Disease Management: Effective for Diabetics?
This cross-sectional study evaluated whether disease management by physician groups is associated with diabetes care processes, control of intermediate outcomes, or the amount of medication used when intermediate outcomes are above target levels. It found that disease management strategies were associated with better processes of diabetes care but not with improved intermediate outcomes or level of medication management. The authors concluded that a greater focus on direct measurement, feedback, and reporting of intermediate outcome levels or of level of medication management may enhance the effectiveness of these programs. C. M. Mangione et al. (2006) The Association Between Quality of Care and the Intensity of Diabetes Disease Management Programs Annals of Internal Medicine 145, 107–116.

Improving Treatment for COPD Patients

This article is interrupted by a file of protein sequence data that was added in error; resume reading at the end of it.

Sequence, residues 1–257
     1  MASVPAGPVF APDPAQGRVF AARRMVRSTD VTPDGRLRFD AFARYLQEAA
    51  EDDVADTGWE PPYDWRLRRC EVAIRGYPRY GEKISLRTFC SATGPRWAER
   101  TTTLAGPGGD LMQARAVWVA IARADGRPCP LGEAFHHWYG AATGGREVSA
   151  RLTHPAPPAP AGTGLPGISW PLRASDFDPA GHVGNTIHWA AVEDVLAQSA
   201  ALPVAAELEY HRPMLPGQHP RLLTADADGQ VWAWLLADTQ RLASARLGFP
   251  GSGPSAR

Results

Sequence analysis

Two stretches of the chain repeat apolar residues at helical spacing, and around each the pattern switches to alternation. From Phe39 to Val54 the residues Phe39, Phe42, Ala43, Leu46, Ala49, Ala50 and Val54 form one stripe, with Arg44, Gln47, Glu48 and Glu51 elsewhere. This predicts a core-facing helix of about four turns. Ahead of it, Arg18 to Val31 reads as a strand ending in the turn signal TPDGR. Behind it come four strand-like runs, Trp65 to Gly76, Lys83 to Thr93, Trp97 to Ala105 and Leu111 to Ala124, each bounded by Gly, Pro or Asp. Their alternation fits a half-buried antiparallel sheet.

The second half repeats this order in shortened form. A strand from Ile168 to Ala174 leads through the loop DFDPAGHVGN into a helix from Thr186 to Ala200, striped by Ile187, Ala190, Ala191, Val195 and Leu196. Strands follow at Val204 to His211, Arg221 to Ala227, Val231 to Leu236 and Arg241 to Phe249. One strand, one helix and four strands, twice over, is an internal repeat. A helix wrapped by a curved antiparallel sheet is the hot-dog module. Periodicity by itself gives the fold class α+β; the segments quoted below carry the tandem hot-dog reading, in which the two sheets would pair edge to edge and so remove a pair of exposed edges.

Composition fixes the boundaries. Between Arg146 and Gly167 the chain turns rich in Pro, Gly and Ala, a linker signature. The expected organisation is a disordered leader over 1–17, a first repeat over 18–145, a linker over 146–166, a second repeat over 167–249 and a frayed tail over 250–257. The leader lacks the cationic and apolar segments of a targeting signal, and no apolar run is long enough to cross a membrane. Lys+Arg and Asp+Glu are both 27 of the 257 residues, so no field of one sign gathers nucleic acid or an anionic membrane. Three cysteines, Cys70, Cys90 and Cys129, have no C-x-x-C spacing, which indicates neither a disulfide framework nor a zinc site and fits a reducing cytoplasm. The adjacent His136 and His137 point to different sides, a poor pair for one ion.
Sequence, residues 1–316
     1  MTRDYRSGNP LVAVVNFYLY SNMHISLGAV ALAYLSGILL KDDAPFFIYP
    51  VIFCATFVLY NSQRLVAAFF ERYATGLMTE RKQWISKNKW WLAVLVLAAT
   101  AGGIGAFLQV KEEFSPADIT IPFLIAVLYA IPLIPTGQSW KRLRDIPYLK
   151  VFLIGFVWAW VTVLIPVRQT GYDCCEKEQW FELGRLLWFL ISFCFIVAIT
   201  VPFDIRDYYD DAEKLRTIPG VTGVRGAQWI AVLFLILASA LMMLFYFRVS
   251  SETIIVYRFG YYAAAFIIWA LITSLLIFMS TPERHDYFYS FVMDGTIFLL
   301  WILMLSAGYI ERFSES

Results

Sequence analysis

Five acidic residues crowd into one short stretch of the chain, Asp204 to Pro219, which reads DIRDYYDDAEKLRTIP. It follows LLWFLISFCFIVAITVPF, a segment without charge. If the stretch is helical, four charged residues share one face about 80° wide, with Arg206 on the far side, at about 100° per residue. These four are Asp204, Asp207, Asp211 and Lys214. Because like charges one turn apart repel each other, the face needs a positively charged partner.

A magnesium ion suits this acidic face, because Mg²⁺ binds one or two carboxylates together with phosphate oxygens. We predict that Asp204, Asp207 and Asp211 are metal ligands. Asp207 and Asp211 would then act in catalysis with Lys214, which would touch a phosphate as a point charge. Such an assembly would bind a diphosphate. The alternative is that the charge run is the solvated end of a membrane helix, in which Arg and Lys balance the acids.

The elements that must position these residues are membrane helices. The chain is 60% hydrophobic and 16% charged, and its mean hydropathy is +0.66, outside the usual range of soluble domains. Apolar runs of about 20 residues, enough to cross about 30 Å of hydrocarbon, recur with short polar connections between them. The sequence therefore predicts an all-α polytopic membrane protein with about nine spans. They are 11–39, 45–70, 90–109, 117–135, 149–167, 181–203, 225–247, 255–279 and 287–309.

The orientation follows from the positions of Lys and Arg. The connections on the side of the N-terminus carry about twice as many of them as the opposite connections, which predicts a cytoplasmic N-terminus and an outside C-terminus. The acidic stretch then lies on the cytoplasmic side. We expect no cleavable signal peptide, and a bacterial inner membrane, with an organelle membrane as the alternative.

A retrospective cohort study was used to evaluate the quality of care provided to patients hospitalized for acute exacerbations of chronic obstructive pulmonary disease (COPD) and determine whether hospital or patient characteristics influence treatment. It found 66 percent of the 69,820 patients studied received the entire set of recommended care processes contained in guidelines produced by the American College of Physicians and the American College of Chest Physicians. However, numerous participants received tests or treatments that were not beneficial, and individual hospital performance varied widely. The authors concluded that quality of care for these patients may be improved by increasing the use of systemic corticosteroid and antibiotic therapy, decreasing the use of unnecessary and potentially harmful treatments, and reducing variation in practice across hospitals. P. K. Lindenauer et al. (2006) Quality of Care for Patients Hospitalized for Acute Exacerbations of Chronic Obstructive Pulmonary Disease Annals of Internal Medicine 144, 894–903.